Human vs. algorithmic bias – is unbiased decision-making even a thing? – WS 07 2021
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Public policy in many countries favours the development and application of machine learning and other technologies broadly designated as “artificial intelligence” – with a view of boosting economy, streamlining the processes in the public sector and improving the peoples’ quality of life. To that end, human decision-making is replaced or supplemented by automation, and automated decision-making already affects millions of people in Europe and around the world.
The long-term result, however, might be a net harm, if automated systems merely reproduce the flaws of human decision-making due to inappropriate bias in the systems’ input data and generate new bias because deep learning even creates bias with perfect data
But if to err is human, is it even feasible to avoid bias altogether – either in human or automated decision-making?
And provided that the bias problem can be managed, are there any other substantial problems with using AI for taking significant decisions?
The goal of this workshop is to inform the discussion on AI policy and regulation in Europe and to further the understanding of these problems by the public at large.
Until 20 May 2021.
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Until 20 May 2021.
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- Jörn Erbguth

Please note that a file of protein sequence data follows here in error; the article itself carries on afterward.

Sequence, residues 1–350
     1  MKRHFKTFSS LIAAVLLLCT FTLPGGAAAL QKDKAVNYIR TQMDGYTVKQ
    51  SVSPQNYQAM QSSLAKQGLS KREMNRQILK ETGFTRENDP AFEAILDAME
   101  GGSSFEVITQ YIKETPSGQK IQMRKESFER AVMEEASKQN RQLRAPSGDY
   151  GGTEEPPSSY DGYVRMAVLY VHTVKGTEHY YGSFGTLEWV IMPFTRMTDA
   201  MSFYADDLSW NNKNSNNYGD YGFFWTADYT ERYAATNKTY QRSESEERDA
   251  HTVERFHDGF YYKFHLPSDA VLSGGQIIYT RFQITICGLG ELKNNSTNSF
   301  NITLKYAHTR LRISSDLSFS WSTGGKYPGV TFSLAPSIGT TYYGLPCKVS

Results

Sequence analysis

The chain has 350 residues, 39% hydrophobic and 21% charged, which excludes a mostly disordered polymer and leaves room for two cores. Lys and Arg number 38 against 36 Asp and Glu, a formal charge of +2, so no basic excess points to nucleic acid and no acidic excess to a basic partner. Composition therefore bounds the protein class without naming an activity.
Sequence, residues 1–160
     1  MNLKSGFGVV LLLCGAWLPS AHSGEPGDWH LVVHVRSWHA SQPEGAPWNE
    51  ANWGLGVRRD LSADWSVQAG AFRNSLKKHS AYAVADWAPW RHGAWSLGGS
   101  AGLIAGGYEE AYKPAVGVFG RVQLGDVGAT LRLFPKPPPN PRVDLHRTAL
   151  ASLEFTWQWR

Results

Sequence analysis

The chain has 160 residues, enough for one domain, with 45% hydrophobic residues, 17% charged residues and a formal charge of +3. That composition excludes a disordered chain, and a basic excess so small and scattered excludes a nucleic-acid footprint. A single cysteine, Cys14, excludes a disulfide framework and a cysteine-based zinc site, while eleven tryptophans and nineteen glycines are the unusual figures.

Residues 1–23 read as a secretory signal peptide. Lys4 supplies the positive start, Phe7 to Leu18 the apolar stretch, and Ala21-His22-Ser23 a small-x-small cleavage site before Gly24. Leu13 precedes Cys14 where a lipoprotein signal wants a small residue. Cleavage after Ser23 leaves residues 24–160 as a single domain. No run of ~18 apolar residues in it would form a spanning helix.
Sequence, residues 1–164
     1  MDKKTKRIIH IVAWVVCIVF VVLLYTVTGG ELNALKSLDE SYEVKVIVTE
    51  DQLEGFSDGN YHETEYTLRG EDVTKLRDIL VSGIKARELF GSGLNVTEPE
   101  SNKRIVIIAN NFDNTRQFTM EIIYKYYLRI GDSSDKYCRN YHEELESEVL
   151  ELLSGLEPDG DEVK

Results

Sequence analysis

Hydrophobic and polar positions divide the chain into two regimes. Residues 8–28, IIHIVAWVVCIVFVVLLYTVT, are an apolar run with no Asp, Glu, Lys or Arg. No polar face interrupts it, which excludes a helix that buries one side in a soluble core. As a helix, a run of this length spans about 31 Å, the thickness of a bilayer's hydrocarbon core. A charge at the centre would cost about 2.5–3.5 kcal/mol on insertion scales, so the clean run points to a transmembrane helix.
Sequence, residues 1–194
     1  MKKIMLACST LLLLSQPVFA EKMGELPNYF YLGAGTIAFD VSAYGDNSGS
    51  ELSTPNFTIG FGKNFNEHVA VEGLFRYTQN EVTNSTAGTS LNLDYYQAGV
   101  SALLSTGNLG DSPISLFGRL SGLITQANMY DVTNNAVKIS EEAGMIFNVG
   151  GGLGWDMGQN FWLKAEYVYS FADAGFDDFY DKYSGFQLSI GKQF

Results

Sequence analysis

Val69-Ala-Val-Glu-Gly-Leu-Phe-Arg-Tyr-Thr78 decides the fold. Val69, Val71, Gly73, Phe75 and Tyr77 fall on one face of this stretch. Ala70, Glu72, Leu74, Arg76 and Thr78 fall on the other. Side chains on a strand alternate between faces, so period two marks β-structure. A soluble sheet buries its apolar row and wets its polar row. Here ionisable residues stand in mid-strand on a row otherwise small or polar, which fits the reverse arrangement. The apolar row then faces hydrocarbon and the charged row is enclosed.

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- André Melancia
- Desara Dushi, Vrije University Brussels
- Amali De Silva-Mitchell, Dynamic Coalition on Data Driven Health Technologies / Futurist
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- Karthikeyan Natesan Ramamurthy, Research Staff Member, IBM Research AI
- Ekaterina Muravleva, Senior Research Scientist at the Skolkovo Institute of Science and Technology
- Zoltán Turbék, Vice-chair of the CAHAI Policy Development Group, Council of Europe
- Daniel Leufer, Europe Policy Analyst, Access Now
- Hiromi Arai, Head of AI Safety and Reliability Unit, RIKEN Center for Advanced Intelligence Project
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- Algorithmic bias is a particular concern regarding sensitive decisions with human rights implications. Ultimately, the outcomes of machine learning should be seen as only one input into decisions eventually taken by humans.
- A broad understanding of bias is warranted to address discrimination and harm. Bias can materialise at all steps of developing and using a particular AI system. This includes decisions about the algorithms, data, and the context in which the system is used. There are also mechanisms to make humans and machines work together better for better decisions.
- Policies need to mitigate risks of algorithmic decision-making. Constraints, safety mechanisms, audit mechanisms, and algorithmic recourse all need to be in place. In addition, it is crucial, as a first step, to work towards greater transparency and explainability of AI systems involved in decision-making. Databases that list the AI systems and data in use should be considered, as well as bans on the use of certain AI systems with high risk and high harm.
- A number of technological companies have self-regulation mechanisms in place at various levels. Self-regulation of the private sector is important but ultimately not enough. Various regulatory efforts need to complement each other and greater cooperation between various stakeholders is needed to create synergies.
- Equality and fairness are values that have a strong cultural connotation. They are important principles to address bias, yet it is not easy to find an intercultural agreement on some aspects of these principles. Addressing algorithmic bias also needs to include discussion on what kind of society we want to live in in the future.
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Will be provided here after the event.